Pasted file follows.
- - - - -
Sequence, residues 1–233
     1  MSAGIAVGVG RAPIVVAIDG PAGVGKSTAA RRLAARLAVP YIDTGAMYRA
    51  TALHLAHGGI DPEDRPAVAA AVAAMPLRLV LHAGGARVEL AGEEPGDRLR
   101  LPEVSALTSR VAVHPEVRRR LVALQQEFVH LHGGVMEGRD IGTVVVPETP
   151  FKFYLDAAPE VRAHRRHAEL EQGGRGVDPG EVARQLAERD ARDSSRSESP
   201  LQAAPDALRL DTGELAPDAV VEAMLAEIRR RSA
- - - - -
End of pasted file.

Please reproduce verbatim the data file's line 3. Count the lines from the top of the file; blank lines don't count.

    51  TALHLAHGGI DPEDRPAVAA AVAAMPLRLV LHAGGARVEL AGEEPGDRLR